PH formally asks ICC not to reopen drug war probe | Inquirer News

PH formally asks ICC not to reopen drug war probe

By: - Reporter / @santostinaINQ
/ 05:38 AM March 16, 2023
Menardo Guevarra

Solicitor General Menardo Guevarra. (FILE PHOTO)

MANILA, Philippines — The government has formally asked the International Criminal Court (ICC) to reverse its decision to reopen the investigation into the killings committed under the Duterte administration’s anti-drug campaign.

In an appeals brief filed on March 13, the Office of the Solicitor General (OSG) asked the ICC Appeals Chamber to suspend and reverse the ruling that authorized the reopening of the investigation by the ICC prosecutor.


“The Philippine Government respectfully requests that the Appeals Chamber grant suspensive effect pending resolution of this appeal, reverse the ‘authorization pursuant to Article 18 (2) of the Statute to resume the investigation,’ and determine that the Prosecution is not authorized to resume its investigations in the situation in the Republic of the Philippines,” it read.

The government said the ICC Prosecutor “would lack any legal foundation” and his investigation “would encroach on the Philippines’ sovereignty.”


‘Irreversible situation’

The Philippines argued that if the ICC would proceed without jurisdictional basis, “its mandate would be adversely affected due to the implications such acts would have for those affected by the Court’s operations, in particular suspects, witnesses and victims.”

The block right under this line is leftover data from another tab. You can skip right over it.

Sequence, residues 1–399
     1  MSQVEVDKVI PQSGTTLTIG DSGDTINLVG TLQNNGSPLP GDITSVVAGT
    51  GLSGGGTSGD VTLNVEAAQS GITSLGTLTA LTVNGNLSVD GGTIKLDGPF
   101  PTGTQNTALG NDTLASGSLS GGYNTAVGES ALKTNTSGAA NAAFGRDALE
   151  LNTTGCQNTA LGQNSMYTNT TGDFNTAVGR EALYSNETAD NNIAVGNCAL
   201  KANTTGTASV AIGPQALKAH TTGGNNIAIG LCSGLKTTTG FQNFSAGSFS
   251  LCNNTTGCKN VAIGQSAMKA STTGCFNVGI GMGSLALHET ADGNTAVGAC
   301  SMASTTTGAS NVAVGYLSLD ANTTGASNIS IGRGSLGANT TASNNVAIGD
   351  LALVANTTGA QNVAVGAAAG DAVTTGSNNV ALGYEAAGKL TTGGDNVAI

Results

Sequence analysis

“The resumption of the Prosecution’s investigation pending resolution of this appeal would therefore defeat its very purpose and create an irreversible situation that could not be corrected. The suspension of the Prosecution’s investigation into the Situation in the Republic of the Philippines is therefore warranted pending the expeditious resolution of this appeal,” it added. The government reiterated its argument that the Philippines had withdrawn from the Rome Statute, the 1998 treaty that established the ICC, insisting that the Hague-based court has no jurisdiction over the country.

But while seeking to stop the investigation, the OSG said “the Philippine government remains committed to the goals of the Court…”

It stressed that “the Philippine Government has openly recognized its responsibility to investigate and prosecute crimes which occurred in connection to the anti-illegal drugs campaign and continued to willingly engage with the Court following its withdrawal which took effect on 17 March 2019.”